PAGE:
CRANE: In this case, it`s moving at a snail`s pace.
Meet Li Zhang, engineer professor and now maker of sludge-like goo.
ZHANG: It behaves sometimes like a liquid sometimes like a solid.
CRANE: Inspired by the cheap slime toy that children play with all over the world, Zhang`s team first created the substance in 2021 by mixing a
simple polymer with borax. The magic happened when they added magnetic particles.
ZHANG: Then basically, you get this so-called magnetic slime board.
CRANE: So when it comes close to a magnet, it can move change shape and grasp objects.
Zhang is one of a growing number of scientists worldwide on a mission to better understand a relatively new field in tech, soft robotics.
CONOR WALSH, PROFESSOR OF ENGINEERING AND APPLIED SCIENCES, HARVARD UNIVERSITY: Traditionally, when people think about robotics, they think
about big robot arms in factories that are very strong, very fast and very precise. And in the field of soft robotics, we`re thinking about how do you
make robots that are more flexible, more adaptable.
CRANE: Sometimes, looking to nature helps, like the agile but entirely boneless octopus.
In 2016, Harvard unveiled this silicone proof of concept called the octobot. Hydrogen peroxide inside the robot is converted into a gas which
moves its arms. Others are working on soft robotics that mimic human limbs, or even augment them. Experts say that this kind of research may ultimately
have a much wider influence in the world of robotics.
CECILIA LASCHI, PROFESSOR, THE NATIONAL UNIVERSITY OF SINGAPORE: Completely soft robots don`t make much sense. I think that now that we have
learned that compliance is helpful, softness is helpful, we cannot build robots without any compliant part.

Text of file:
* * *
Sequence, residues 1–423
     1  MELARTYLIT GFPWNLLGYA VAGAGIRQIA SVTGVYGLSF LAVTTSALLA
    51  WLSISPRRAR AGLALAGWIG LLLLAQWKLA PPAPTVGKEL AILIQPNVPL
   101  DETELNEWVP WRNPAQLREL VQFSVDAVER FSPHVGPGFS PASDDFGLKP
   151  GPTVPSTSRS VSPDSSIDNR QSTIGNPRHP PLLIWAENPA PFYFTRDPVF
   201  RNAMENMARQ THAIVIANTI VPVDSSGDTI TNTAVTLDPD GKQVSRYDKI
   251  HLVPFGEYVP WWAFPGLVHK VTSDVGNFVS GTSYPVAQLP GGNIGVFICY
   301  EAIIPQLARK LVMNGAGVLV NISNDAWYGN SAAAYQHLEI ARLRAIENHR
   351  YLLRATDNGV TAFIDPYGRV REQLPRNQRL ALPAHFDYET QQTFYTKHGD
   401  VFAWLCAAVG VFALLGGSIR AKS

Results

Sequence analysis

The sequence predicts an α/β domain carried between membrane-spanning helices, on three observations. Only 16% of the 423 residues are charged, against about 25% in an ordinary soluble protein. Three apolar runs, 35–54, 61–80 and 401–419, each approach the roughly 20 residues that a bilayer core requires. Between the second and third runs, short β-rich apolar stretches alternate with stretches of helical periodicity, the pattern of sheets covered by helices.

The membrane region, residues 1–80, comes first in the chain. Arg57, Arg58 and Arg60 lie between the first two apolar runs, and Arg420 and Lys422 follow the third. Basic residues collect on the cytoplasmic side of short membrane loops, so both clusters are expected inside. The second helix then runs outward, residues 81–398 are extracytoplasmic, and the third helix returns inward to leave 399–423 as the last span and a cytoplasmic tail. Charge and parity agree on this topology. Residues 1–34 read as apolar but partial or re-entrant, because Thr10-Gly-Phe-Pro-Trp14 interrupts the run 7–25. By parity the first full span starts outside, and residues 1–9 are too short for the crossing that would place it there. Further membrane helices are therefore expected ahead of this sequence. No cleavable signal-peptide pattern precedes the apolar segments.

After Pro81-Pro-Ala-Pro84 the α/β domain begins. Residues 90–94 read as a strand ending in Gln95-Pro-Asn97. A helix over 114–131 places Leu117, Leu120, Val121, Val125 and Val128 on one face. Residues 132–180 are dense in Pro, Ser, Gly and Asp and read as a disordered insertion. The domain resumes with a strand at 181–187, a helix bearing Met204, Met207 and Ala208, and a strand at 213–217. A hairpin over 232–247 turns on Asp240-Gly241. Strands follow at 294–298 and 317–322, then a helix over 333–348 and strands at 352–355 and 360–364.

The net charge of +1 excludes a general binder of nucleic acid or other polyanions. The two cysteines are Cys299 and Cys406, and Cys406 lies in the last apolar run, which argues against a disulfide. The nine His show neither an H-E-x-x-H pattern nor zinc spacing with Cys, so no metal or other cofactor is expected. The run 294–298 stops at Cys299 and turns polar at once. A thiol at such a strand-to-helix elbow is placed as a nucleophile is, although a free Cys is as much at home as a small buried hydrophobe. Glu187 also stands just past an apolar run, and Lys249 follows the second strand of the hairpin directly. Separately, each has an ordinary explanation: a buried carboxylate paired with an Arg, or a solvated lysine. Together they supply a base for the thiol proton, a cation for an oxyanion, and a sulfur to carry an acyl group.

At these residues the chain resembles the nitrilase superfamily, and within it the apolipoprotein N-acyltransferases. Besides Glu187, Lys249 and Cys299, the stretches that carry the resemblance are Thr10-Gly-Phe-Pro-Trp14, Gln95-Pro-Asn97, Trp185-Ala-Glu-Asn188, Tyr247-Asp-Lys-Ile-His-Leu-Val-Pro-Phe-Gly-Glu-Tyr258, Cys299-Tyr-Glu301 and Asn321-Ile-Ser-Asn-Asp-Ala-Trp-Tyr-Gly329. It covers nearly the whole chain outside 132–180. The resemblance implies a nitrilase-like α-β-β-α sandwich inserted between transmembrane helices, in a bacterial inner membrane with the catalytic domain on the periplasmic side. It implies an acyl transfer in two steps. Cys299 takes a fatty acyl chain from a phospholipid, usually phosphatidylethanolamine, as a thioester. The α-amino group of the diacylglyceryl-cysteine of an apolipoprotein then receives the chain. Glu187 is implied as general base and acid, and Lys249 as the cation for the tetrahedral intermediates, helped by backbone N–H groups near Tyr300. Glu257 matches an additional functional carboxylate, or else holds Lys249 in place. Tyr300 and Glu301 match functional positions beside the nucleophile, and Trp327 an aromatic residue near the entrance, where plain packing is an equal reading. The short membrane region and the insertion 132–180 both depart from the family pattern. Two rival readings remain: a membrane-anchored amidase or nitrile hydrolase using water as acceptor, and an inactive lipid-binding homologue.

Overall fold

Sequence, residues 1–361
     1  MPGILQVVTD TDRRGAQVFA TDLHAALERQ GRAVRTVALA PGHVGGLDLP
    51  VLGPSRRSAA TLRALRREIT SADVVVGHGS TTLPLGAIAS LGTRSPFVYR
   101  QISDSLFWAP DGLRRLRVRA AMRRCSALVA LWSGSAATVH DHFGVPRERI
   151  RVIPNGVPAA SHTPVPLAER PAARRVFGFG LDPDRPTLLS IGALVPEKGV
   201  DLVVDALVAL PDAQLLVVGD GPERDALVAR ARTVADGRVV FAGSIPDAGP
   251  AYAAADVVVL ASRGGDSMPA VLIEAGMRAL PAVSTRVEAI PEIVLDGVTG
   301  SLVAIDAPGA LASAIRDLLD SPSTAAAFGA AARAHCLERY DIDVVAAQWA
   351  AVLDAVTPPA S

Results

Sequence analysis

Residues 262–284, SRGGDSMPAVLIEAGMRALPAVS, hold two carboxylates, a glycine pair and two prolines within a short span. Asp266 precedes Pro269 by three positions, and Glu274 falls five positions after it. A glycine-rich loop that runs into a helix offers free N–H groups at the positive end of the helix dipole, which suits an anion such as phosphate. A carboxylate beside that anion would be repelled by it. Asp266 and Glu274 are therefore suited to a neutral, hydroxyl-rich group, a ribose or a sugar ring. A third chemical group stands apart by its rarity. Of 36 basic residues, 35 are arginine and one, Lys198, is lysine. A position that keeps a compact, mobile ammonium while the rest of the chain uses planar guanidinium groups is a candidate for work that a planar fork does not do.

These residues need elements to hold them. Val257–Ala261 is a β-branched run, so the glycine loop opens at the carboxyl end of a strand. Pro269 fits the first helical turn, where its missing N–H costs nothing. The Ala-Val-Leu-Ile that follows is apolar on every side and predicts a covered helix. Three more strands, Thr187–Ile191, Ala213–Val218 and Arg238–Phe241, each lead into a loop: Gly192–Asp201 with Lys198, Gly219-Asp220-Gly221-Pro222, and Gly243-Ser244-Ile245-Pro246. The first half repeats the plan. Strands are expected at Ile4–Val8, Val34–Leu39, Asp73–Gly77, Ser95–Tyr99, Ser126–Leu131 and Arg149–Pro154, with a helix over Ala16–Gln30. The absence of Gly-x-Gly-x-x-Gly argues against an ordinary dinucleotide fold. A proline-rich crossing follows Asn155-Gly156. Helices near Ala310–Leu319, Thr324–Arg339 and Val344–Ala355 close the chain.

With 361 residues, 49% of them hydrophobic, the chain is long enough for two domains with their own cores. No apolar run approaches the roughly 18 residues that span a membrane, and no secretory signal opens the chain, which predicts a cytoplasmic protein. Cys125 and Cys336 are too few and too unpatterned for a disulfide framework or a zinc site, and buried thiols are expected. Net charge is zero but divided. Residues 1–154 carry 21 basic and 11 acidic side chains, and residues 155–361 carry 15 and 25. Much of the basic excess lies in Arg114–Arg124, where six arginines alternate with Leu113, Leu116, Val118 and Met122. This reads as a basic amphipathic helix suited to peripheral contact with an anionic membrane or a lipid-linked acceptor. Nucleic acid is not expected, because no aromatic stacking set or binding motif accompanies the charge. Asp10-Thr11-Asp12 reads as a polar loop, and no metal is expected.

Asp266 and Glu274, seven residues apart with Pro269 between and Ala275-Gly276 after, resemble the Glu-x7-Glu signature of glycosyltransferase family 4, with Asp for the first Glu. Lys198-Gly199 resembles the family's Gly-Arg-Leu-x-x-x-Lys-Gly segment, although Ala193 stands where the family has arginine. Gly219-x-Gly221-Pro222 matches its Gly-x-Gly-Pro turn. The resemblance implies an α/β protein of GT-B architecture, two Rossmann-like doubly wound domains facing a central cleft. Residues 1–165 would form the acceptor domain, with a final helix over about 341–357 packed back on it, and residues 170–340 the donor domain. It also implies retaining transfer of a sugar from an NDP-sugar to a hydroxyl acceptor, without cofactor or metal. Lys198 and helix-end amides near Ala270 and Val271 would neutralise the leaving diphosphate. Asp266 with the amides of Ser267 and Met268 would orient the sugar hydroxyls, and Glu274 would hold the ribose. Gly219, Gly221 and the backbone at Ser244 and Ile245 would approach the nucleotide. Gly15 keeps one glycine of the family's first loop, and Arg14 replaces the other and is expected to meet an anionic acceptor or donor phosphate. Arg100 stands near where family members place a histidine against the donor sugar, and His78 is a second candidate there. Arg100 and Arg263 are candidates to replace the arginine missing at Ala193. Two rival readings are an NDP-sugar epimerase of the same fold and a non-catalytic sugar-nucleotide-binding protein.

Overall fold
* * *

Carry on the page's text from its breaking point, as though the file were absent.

CRANE: But like any big mission to develop new technology, this one will take time.
AZUZ: Teachers, administrators, homeschoolers, instructors, if you like heads up notices — well, heads up, you should totally check out our free
CNN 10 newsletter. It`s usually sent out the night before each of our shows and it contains a synopsis, important announcements, links to more info
about many of our stories. You can sign up for daily emails at CNN10.com.
AZUZ: If people who live in glass houses shouldn`t throw stones, people who walk on glass-bottomed bridges should probably walk carefully?
This is purportedly the longest glass-bottomed bridge on earth or above it. It`s more than feet long and almost feet above a valley between two
mountain peaks in Vietnam. It`s said to be strong enough to support up to 450 people at once, though it`s that up to part that might make you
hesitate if it`s crowded.
It may not be over troubled water, but for those who think the bridge of size is a bridge too high, that would be a bridge too far. Like an arch
enemy, they just couldn`t trust it. Those who liked suspension wouldn`t be crossed at a crossing, even an abridged version would leave them beaming.
I`m Carl Azuz.
Today`s shout-out goes out to Moanalua High School. It is in Honolulu, Hawaii. We hope you enjoyed today`s show and that you`ll come on back for